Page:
This is far from a complete list of baritone guitar techniques. We didn’t even get into reinforcing distorted guitar riffs with extra low notes, a long-running metal/rock technique. But the real adventure happens when you discover your own techniques. You don’t even need a dedicated baritone guitar to experiment. Just install a set of heavy-gauge flatwounds on a standard-scale guitar and tune B to B. Or for a less traditional bari sound, just use your current strings. Intonation may become an unobtainable fantasy, but you’ll have good anarchic fun.
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Created in collaboration with legendary guitarist George Lynch of Dokken and Lynch Mob fame, the Mr.Scary Mod adds an adjustable tube gain stage and an onboard Deep control, which together are designed to enable an amp to have increased sustain while still retaining note definition and dynamics.
LegendaryTones, LLC today announced production availability of its new Mr. Scary Mod, a 100% pure tube module designed to instantly and easily expand the capabilities of many classic amplifiers with additional gain and tone shaping. Created in collaboration with legendary guitarist George Lynch of Dokken and Lynch Mob fame, the Mr.Scary Mod adds an adjustable tube gain stage and an onboard Deep control, which together are designed to enable an amp to have increased sustain while still retaining note definition and dynamics.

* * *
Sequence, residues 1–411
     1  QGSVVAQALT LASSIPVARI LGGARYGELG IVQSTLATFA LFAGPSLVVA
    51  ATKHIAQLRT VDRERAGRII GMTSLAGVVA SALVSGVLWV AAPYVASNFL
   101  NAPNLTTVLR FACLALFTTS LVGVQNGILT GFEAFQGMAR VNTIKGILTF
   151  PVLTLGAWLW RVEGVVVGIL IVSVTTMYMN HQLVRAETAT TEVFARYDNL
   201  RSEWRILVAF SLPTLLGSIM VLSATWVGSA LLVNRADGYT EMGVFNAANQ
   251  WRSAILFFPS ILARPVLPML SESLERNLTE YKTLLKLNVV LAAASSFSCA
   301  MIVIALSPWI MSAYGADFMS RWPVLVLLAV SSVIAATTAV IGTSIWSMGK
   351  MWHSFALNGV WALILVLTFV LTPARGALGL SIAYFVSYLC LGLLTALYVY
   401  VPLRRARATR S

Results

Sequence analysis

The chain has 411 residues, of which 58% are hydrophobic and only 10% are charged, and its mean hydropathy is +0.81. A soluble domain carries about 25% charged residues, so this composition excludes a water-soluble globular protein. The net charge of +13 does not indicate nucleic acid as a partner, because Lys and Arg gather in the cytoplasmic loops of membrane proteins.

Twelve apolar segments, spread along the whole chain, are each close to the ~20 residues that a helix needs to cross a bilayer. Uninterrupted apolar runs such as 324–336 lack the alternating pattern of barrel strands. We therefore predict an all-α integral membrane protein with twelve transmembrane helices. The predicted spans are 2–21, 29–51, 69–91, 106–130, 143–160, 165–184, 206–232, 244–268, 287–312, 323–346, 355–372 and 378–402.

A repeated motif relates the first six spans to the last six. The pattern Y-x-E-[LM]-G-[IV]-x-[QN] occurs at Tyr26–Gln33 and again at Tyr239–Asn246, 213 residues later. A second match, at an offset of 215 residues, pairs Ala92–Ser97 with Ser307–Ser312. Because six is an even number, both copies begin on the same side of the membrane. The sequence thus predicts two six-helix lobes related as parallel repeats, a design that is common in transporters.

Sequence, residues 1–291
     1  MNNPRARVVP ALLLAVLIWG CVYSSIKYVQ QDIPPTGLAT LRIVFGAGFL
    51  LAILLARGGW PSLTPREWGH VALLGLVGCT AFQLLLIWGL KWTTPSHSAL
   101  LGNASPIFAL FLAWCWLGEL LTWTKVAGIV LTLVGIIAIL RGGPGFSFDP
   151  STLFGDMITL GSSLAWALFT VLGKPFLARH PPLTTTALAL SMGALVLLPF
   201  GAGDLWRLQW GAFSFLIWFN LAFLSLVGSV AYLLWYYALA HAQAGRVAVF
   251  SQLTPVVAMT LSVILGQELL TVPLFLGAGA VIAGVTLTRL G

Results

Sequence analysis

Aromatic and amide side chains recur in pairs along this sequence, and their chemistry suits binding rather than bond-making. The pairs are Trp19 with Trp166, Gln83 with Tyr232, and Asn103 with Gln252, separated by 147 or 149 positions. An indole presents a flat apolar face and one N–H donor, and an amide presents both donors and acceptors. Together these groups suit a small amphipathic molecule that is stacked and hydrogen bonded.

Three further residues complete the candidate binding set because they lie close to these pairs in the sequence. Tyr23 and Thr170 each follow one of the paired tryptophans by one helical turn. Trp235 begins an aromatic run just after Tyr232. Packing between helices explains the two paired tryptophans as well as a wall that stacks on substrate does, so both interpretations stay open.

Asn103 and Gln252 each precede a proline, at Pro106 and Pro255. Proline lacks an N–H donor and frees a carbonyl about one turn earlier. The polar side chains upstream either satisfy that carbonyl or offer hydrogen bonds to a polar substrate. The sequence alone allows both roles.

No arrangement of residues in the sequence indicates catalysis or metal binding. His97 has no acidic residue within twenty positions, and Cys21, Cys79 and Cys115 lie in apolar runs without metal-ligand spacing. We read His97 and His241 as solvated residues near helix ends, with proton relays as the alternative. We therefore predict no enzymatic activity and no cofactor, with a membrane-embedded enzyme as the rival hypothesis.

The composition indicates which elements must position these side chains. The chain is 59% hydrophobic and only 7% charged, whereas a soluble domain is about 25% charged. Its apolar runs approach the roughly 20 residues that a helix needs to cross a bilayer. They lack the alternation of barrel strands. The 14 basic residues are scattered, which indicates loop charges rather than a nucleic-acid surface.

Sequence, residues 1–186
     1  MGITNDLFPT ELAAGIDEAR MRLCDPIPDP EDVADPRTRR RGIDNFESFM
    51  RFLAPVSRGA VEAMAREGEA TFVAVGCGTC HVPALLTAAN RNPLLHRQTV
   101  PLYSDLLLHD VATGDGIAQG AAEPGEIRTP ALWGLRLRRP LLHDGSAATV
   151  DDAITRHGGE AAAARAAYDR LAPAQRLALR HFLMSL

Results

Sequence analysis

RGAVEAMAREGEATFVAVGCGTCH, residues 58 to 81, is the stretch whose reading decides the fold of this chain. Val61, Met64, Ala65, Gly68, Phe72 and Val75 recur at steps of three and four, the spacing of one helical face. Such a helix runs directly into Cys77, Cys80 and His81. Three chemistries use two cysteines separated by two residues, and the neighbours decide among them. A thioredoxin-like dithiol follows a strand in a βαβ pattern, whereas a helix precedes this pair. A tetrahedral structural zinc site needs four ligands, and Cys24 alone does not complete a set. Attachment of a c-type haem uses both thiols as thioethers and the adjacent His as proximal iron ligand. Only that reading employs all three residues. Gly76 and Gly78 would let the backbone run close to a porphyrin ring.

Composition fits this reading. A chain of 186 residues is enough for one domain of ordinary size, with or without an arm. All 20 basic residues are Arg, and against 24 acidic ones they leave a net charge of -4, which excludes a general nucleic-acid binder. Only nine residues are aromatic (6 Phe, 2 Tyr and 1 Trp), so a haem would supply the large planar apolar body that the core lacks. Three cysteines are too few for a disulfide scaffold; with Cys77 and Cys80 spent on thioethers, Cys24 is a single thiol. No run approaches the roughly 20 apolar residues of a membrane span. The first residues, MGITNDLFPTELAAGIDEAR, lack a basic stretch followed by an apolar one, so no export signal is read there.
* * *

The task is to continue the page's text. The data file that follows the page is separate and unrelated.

Originally released as the Lynch Mod in February 2021, the updated Mr. Scary Mod features the same core circuit as the Lynch Mod but is now equipped with a revised tube mix combo per George’s preference as well as a facelift in a newly redesigned electro-galvanized steel enclosure. As with the Lynch Mod, each run will be limited and the first run in Pumpkin Orange with Black hardware is limited to just 150 pieces worldwide.
The Mr. Scary Mod adds an adjustable tube gain stage on top of the cathode follower position, keeping note definition and articulation while further increasing sustain. Each Mr. Scary mod is meticulously built by hand in the USA, one at a time, and tuned using high-grade components. Equipped with a single ECC81 (12AT7) in the first position and ECC83 (12AX7) in the second, the Mr. Scary Mod can clean up beautifully when rolling down your guitar’s volume, and still adds scorching gain when you roll it back up. This is a gain stage that’s been tuned and approved by the ears of the maestro George Lynch himself.